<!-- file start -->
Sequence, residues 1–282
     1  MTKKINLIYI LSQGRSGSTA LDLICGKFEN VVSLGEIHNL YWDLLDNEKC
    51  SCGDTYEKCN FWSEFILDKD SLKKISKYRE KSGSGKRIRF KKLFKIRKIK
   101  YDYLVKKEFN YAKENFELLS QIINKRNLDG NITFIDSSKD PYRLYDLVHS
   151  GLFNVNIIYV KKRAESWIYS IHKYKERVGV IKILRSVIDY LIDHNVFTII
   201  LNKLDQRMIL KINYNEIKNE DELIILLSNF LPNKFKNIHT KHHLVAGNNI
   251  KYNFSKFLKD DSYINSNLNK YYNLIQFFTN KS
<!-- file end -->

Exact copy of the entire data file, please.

Sequence, residues 1–282
     1  MTKKINLIYI LSQGRSGSTA LDLICGKFEN VVSLGEIHNL YWDLLDNEKC
    51  SCGDTYEKCN FWSEFILDKD SLKKISKYRE KSGSGKRIRF KKLFKIRKIK
   101  YDYLVKKEFN YAKENFELLS QIINKRNLDG NITFIDSSKD PYRLYDLVHS
   151  GLFNVNIIYV KKRAESWIYS IHKYKERVGV IKILRSVIDY LIDHNVFTII
   201  LNKLDQRMIL KINYNEIKNE DELIILLSNF LPNKFKNIHT KHHLVAGNNI
   251  KYNFSKFLKD DSYINSNLNK YYNLIQFFTN KS